Fox’s Pivoting will not be returning for a second season. The surprising cancellation comes after lengthy negotiations between the network and studio Warner Bros Television.
Pivoting, starring Eliza Coupe, Ginnifer Goodwin and Maggie Q, had been considered a strong bet for renewal. A favorite of the Fox brass, the show had a rare 100% on Rotten Tomatoes as one of the best-reviewed new broadcast series and also was a strong performer on Hulu, which the network has been able to monetize.
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In the immediate aftermath of the cancellation, there is the inevitable finger-pointing, with each side feeling that they did all they could to secure a renewal.
According to some sources, Fox was high on Pivoting and gave the single-camera show a conditional renewal, contingent on the series moving from Los Angeles to Vancouver to save money, which was a no-go as the stars could not uproot their families. Additionally, there was reportedly a second attempt by the network to renew the series by asking for a substantial reduction of the license fee, which also was unsuccessful as the studio could not find a way to do it.
According to other sources, Fox showed intent to renew Pivoting but did not make a strong push to secure it. And while Hulu revenue has been helping Pivoting, I hear the network has been looking past that as the pact is set to expire next year and its future is unclear.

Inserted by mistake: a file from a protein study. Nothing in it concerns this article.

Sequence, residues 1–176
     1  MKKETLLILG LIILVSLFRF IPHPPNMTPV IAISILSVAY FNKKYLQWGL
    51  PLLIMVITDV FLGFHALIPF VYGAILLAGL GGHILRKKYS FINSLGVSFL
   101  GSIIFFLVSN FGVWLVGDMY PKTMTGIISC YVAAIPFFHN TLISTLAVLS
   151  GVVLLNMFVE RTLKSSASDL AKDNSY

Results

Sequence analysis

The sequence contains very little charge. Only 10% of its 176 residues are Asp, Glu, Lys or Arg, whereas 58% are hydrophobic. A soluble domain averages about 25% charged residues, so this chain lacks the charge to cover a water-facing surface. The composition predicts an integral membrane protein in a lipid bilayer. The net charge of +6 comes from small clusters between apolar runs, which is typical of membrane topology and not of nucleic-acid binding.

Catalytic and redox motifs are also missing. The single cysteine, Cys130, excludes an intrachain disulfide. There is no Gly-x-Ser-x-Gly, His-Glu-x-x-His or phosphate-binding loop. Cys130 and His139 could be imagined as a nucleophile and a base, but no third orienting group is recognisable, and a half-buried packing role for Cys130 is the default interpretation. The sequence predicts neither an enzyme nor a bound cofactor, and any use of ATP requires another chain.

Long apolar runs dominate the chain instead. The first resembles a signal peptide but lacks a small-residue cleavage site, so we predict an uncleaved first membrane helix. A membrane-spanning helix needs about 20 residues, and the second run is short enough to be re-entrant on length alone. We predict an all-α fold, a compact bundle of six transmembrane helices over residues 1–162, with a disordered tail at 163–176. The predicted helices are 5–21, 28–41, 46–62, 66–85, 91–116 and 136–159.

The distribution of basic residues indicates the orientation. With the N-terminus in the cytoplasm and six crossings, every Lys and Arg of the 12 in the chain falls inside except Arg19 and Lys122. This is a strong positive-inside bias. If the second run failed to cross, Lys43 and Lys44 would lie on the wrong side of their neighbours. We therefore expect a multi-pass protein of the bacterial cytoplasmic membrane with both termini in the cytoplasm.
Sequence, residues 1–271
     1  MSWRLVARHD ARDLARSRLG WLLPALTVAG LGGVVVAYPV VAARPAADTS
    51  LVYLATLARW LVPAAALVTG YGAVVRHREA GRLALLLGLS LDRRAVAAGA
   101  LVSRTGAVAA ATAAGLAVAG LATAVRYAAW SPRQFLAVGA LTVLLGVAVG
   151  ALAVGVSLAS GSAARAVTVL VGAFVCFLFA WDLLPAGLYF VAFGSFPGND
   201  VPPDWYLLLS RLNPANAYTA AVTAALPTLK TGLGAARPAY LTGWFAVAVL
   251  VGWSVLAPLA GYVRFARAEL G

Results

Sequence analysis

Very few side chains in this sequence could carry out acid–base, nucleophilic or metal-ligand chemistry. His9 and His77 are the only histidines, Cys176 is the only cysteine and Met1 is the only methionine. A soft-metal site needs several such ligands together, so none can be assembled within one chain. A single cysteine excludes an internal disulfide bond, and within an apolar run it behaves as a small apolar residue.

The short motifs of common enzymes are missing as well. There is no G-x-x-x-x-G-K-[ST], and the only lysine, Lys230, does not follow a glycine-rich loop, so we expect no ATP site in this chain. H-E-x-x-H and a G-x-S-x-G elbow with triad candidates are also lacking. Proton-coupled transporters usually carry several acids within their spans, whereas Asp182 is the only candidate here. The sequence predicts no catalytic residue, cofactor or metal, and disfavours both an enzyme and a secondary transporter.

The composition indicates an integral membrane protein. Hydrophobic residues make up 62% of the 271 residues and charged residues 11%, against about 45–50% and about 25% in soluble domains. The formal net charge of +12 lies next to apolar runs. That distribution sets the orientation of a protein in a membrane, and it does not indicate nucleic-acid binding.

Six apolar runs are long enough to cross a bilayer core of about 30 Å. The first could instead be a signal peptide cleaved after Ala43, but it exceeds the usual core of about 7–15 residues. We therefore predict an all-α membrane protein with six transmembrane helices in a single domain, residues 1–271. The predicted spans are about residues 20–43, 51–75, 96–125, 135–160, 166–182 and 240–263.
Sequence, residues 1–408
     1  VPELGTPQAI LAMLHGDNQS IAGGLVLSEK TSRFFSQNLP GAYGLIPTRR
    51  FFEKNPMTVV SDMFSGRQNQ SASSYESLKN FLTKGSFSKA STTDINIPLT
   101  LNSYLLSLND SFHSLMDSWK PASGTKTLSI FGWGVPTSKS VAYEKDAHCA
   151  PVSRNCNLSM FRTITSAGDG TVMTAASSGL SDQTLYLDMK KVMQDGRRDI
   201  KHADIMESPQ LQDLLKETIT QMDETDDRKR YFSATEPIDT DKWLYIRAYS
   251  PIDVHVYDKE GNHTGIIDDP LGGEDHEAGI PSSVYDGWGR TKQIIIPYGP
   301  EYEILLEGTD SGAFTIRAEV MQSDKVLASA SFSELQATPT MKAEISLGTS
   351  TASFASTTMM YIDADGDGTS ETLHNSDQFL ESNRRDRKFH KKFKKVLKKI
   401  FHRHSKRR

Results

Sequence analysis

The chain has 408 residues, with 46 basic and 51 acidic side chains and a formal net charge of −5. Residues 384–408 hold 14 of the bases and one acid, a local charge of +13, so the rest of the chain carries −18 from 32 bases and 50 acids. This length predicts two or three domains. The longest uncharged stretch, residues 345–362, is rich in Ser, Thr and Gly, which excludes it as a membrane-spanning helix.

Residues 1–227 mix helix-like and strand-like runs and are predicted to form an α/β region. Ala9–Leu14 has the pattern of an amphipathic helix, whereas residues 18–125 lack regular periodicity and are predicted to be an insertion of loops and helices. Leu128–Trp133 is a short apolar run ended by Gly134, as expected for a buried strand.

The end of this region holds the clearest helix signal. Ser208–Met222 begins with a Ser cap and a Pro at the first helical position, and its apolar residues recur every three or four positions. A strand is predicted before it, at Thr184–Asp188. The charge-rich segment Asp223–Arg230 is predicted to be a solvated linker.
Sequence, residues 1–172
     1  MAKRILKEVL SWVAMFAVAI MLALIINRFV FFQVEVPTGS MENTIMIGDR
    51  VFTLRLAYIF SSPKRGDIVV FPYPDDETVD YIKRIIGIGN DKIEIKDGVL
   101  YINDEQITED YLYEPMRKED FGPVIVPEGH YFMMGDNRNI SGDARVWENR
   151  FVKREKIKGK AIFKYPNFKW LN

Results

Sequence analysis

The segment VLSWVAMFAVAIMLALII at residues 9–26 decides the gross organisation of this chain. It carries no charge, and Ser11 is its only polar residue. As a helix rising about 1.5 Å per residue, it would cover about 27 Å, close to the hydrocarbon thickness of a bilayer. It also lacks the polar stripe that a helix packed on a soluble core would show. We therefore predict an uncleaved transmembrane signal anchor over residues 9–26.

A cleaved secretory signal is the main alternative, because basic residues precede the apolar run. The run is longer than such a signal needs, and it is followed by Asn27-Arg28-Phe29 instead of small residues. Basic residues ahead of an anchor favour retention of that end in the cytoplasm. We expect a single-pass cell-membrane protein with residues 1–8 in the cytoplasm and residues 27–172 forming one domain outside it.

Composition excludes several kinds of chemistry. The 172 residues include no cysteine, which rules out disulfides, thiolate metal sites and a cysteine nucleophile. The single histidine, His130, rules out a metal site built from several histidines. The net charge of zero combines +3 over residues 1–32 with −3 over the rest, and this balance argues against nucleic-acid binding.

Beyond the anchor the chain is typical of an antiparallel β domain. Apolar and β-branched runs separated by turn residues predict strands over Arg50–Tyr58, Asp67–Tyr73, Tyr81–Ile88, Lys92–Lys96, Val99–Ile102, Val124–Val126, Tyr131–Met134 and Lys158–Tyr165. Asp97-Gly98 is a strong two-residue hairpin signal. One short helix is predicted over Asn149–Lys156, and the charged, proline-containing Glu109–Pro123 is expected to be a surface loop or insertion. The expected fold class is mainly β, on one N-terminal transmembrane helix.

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The demise of Pivoting underscores the challenges of the broadcast model and the pressure declining linear ratings are putting on renewal negotiations, especially with outside studios. Warner Bros. TV was able to make a deal with Fox for the renewal of sophomore multi-camera comedy Call Me Kat as well as freshman drama The Cleaning Lady and is finalizing a straight-to-series deal for a new comedy, Cindy Snow, which would be produced at a lower price point in Atlanta.
Fellow indie Lionsgate TV also was able to secure renewal for their freshman comedy series, Welcome To Flatch, which is lower rated than Pivotingmaking the latter’s cancellation even more surprising.
Created by Liz Astrof, Pivoting followed three women (Coupe, Goodwin, Q) after the death of their childhood best friend. Faced with the reality that life is short, in desperate attempts to find happiness, they make a series of impulsive, ill-advised and self-indulgent decisions, strengthening their bond proving it’s never too late to screw up your life.
Astrof executive produced Pivoting with Kapital’s Kaplan and Dana Honor. Tristram Shapeero was director / executive producer on the pilot. The series was produced by Warner Bros. Television in association with Fox Entertainment